The world of mobile phones today is vastly different from that of three decades ago. This article visualizes how the mobile phone market has evolved over the last 30 years and what caused it.
- EXPLOSIVE: Here’s what was uncovered in Hunter Biden’s iCloud Hack
- MAJOR PEER REVIEWED STUDY: Moderna Vaccine Increases Myocarditis Risk By 44 Times In Young Adults
- MUST READ: High Level International Bankers Simulate The Collapse Of Global Financial System
- BIG STORY: Wuhan Lab Isolated Monkeypox Strain In 2020
- EXPLOSIVE: Ukraine Biolabs Used Fever Carrying Mosquitoes To Spark Dengue Pandemic In Cuba
Motorola controlled more than half of the mobile phone industry in 1993. By 2021, though, its market share had dropped to just 2.2 percent. What caused this, and how has the mobile sector evolved in the last 30 years?
The rise and collapse of many mobile phone manufacturers are depicted in this video, which charts the evolution of the mobile phone market. The data covers from December 1992 to December 2021.
The Early Days of Mobile Phones
Motorola is noted for being a mobile phone industry pioneer.
The DynaTAC 8000X, one of the first commercially available mobile phones, was introduced by the American company in 1983. The nearly $4,000 analog phone provided users with up to 30 minutes of talk time before needing to be recharged.
Subscribe to GreatGameIndia
Over the next few years, Motorola released a few more devices, including the MicroTAC 9800X in 1989 and the International 3200 in 1992, and swiftly established itself as a dominating player in the nascent industry. The company’s only real opponent in the early days of the market was Nokia, a Finnish multinational that had bought the early mobile network pioneer Mobira.
Other competitors, including as Sony and Siemens, began to gain traction in the mid-1990s, chipping away at Motorola’s dominance. The company’s market share had dropped to 32.1 % in 1995.
Nokia has eclipsed Motorola as the leading mobile phone manufacturer by January 1999, with 21.4 % of the global market share. This put it just ahead of Motorola, which had 20.8 %.
The significant progress Nokia was making in the digital phone space was one of the reasons for its growing popularity. The Nokia 7110, the first mobile phone with a web browser, was released in 1999.
Motorola was hampered by more than simply Nokia’s advancements. Motorola went insolvent in 1999 after one of its spin-off initiatives, Iridium SSC, filed for bankruptcy. The company was forced to lay off a big portion of its workers after the project failed due to the financial burden.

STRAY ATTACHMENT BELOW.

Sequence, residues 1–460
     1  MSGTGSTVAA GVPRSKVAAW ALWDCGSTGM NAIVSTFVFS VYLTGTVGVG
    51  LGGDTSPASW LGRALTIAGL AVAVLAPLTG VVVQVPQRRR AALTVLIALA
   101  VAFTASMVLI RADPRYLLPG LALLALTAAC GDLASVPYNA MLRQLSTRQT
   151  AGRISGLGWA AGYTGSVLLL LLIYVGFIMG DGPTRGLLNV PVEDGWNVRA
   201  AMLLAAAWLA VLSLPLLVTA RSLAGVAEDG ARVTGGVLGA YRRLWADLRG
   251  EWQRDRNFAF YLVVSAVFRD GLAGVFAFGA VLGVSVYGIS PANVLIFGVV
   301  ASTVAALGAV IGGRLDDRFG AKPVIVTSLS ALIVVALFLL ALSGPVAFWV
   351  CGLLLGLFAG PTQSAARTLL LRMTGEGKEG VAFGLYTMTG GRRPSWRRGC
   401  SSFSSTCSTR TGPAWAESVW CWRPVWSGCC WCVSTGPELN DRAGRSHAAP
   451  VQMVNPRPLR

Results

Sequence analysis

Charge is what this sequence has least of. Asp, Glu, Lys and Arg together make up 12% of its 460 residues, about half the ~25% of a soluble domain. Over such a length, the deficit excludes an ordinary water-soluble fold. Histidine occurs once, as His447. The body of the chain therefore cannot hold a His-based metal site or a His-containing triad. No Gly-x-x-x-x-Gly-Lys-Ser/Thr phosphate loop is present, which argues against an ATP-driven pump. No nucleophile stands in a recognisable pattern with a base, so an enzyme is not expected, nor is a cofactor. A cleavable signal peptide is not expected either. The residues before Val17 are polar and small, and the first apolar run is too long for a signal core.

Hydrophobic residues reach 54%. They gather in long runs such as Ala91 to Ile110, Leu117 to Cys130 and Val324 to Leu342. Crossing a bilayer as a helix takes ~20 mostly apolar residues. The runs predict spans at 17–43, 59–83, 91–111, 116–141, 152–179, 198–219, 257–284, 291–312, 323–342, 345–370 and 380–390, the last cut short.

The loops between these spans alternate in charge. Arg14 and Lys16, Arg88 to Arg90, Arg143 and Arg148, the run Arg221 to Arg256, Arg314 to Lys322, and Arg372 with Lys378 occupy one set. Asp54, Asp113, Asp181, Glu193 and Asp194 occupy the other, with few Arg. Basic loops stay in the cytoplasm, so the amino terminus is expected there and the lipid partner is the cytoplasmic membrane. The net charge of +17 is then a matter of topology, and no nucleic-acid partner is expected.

Motorola’s market share remained stable between 14 and 20 percent until 2007, when Apple’s iPhone arrived on the scene and turned the mobile phone industry on its head.
The Emergence of the iPhone
With the introduction of the iPhone in 2007, things began to change significantly.
In a keynote address at the 2007 Macworld Expo in San Francisco, Steve Jobs described the iPhone as “three items in one”: a touchscreen iPod, a new cell phone, and an internet communications device.
A year later, Apple introduced the App Store, which allowed customers to download apps and games to their iPhones. Not only did this dramatically improve the iPhone’s functioning, but it also gave users unprecedented control over their mobile devices.
This marked the dawn of a new era of cellphones, one in which Motorola fell behind. Apple had taken 17.4 % of the mobile phone market less than two years after the iPhone was released. Motorola’s market share, on the other hand, had fallen to 4.9 %.
Apple had approximately 27.3 % of the global mobile market by the end of 2021. The iPhone is a big element of Apple’s success, accounting for more than half of the company’s revenue.
A Failure to Pivot
While numerous reasons contributed to Motorola’s collapse, many point to one major stumbling block: the company’s inability to pivot.
The iPhone marked the beginning of a new software-driven era. Motorola had mastered the hardware-driven period, but when the tides turned, they couldn’t keep up. Other firms that failed to adapt or stay up include BlackBerry (previously RIM), Palm, Sony, and LG.
Apple, however, is not alone. The success of Google’s Android mobile operating system has aided competitors such as Samsung of South Korea and Huawei and Xiaomi of China in establishing substantial footholds in the global mobile phone market.
In today’s fast-paced world, organizations must be able to pivot in order to stay competitive. Will today’s smartphone behemoths Apple and Samsung maintain their dominance? Or will other firms, such as Huawei, catch up in the coming years?